Finding Trigonometric Ratios
Basics on the topic Finding Trigonometric Ratios
Summary of Finding Trigonometric ratios
Trigonometric ratios are special measurements of a right triangle – a triangle with one angle measuring 90 degrees. There are three basic trigonometric ratios: sine (sin), cosine (cos), and tangent (tan).
Given a right triangle, the trigonometric ratios of either of the angles θ which are not 90 degrees can be found by using the following formulas:
 Sine: (sin) θ = Length of the leg opposite to the angle (O) / Length of the Hypotenuse (H)
 Cosine: (cos) θ = Length of the leg adjacent to the angle (A) / Length of the Hypotenuse (H)
 Tangent: (tan) θ = Length of the leg opposite to the angle (O) / Length of the leg adjacent to the angle (A)
The symbol “θ” is the Greek letter “theta”, and is often used to represent angles. The mnemonic device “SOHCAHTOA” is used to remember the formulas more easily: “SOH” means Sine; Opposite over Hypotenuse, “CAH” means Cosine; Adjacent over Hypotenuse, and “TOA” means Tangent; Opposite over Adjacent.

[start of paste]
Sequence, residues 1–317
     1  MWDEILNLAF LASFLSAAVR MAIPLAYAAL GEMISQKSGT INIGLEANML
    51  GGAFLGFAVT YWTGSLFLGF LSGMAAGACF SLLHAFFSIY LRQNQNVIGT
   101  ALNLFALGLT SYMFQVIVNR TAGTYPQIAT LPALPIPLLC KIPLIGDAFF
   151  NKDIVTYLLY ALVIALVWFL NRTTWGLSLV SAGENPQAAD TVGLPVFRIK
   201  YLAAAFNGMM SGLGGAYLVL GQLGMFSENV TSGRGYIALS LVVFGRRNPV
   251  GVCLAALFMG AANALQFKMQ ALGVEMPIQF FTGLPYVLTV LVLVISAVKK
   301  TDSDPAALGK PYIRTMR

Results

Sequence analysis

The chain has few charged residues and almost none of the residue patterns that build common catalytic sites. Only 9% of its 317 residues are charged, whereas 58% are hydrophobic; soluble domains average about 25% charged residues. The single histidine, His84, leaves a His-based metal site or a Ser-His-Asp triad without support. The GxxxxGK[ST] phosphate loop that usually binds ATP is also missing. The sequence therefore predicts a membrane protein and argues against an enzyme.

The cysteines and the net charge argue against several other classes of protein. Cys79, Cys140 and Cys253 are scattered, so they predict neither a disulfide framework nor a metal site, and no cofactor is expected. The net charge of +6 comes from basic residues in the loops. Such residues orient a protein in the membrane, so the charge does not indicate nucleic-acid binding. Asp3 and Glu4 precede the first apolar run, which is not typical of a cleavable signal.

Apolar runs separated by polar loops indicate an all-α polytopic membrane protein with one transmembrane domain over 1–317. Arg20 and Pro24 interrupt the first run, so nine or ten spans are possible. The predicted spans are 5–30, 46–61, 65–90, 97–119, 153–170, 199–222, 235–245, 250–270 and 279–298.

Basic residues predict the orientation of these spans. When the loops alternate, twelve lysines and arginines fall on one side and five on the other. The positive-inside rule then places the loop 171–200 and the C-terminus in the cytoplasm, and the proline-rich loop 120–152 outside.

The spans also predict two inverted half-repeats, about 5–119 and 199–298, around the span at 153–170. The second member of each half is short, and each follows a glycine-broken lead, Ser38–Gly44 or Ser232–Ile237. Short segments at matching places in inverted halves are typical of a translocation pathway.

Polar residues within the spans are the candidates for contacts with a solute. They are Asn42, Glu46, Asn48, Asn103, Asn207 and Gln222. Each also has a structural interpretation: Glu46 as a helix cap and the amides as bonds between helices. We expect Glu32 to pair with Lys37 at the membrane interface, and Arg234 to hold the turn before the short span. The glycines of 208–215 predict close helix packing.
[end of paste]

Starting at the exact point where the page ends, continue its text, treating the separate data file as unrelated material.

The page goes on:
Trigonometric ratios not only help in finding unknown angles of a right triangle, but can also be used to find unknown angles of other types of triangles as well as in practical scenarios, like finding the height of tall towers or buildings. Like, the height of the Eiffel Tower: once you know your distance from the base of the tower and the angle of elevation of your sight to the top most part of the tower, then you can compute the height of the tower using trigonometric ratios.
Define trigonometric ratios and solve problems involving right triangles.
Common Core Standard
CCSS.MATH.CONTENT.HSG.SRT.C.6
Finding Trigonometric Ratios Exercises
Transcript Finding Trigonometric Ratios